Logan Mwangi: Public to help decide what happens to house where child was killed

A decision is yet to be made on the fate of the Lower Llansantffraid home which has been boarded up since shortly after the murder.

The public is to be consulted on the future of the home where five-year-old Logan Mwangi was killed.

"Informal conversations" with local residents will be taken into account in the decision-making, according to the housing association managing the property.

Logan was found dead on July 31 last year in the River Ogmore in Sarn, Bridgend.

His mother Angharad Williamson, stepfather John Cole, and stepbrother Craig Mulligan were found guilty of his murder and jailed for a combined 72 years.

A decision is yet to be made on the fate of the Lower Llansantffraid home which has been boarded up since shortly after the murder.

Logan and Williamson had lived in the ground-floor flat and another tenant was upstairs.

Logan lived in the ground floor of the Lower Llansantffraid house

Valleys To Coast Housing, which manages the building, said in a statement: "Whilst we have awaited the formal conclusion of this tragic case and subsequent closure of the two tenancies involved we have had informal conversations with people in the local community and will continue to be sensitive to their needs and feelings. We are currently in discussions with Bridgend County Borough Council about next steps.”

Back in 2014 the Welsh Government demolished the Ceinws cottage where paedophile Mark Bridger had murdered five-year-old April Jones.

Some of Logan's neighbours spoke to WalesOnline in April about what they felt should happen to his former home.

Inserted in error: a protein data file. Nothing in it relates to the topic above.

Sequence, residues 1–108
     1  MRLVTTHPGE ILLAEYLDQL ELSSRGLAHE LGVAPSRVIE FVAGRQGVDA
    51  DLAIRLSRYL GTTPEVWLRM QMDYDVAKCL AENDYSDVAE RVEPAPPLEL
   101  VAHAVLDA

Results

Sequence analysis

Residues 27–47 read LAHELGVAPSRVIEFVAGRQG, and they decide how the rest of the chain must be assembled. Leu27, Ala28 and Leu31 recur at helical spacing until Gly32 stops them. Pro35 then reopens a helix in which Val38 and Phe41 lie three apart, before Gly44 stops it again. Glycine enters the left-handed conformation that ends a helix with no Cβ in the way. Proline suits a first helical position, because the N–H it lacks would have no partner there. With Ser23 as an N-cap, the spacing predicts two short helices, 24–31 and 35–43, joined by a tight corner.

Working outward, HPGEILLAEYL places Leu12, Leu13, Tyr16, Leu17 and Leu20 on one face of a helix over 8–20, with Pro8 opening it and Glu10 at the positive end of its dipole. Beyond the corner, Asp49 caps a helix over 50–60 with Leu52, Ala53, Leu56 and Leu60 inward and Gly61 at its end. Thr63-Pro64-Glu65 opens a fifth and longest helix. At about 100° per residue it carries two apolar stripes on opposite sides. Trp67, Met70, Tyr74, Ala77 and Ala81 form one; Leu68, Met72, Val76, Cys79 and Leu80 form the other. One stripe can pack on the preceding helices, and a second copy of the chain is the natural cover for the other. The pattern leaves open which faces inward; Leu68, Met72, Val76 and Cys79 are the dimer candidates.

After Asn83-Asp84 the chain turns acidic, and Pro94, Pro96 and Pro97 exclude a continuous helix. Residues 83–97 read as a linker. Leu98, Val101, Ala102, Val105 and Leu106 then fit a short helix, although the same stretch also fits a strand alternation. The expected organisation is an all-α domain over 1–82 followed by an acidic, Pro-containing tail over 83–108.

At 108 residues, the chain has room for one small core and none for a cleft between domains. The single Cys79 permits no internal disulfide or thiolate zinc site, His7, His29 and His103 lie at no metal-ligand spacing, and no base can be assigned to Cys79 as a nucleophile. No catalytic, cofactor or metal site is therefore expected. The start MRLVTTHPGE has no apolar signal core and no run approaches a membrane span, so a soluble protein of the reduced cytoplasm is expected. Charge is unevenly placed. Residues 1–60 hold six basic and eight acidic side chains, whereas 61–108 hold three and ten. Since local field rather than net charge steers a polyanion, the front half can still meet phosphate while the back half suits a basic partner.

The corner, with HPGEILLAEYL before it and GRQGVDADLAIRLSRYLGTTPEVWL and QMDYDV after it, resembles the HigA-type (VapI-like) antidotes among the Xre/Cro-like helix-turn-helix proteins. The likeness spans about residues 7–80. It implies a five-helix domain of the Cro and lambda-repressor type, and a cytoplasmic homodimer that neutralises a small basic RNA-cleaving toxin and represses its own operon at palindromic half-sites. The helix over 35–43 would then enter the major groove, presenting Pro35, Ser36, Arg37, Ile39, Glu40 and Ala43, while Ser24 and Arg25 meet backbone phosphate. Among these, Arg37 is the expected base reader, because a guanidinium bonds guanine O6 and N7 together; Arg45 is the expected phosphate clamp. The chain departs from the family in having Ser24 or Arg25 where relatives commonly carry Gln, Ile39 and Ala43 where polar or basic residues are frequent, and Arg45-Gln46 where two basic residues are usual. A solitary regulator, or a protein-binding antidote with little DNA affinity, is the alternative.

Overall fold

Colin Michael Fitzgerald, 79, said a "complete refurbishment" rather than demolition would be the best option.

"It's got to be painted top to bottom and the garden put to a nice standard and someone will be more than glad of it," he said.

The community of Sarn was rocked by the murder Credit: PA

Another of Logan's neighbours, 33-year-old Dafydd, said he would like to see a memorial bench installed but also believed it was important to think about the need for homes, especially for people fleeing war-torn countries.

He added: "I would rather it go to a loving family and someone who will have happy memories in it because God knows what memories are in there now."

Adrian Pittard, 61, of Aberkenfig, said: "I know the circumstances are bad but it's still a property and lots of people haven't got one. You can't just brick it up. I don't know if anyone local would want to live there but someone from further afield might."

During the attack Logan suffered the kind of injuries usually seen in car crash victims before his body was tossed into the river.

As well as the murder convictions, Williamson and Mulligan were found guilty of perverting the course of justice, which Cole had admitted.

Cole was sentenced to life imprisonment with a minimum of 29 years in jail, Williamson to life imprisonment with a minimum of 28 years, and Mulligan to 15 years as well as remaining on licence for life.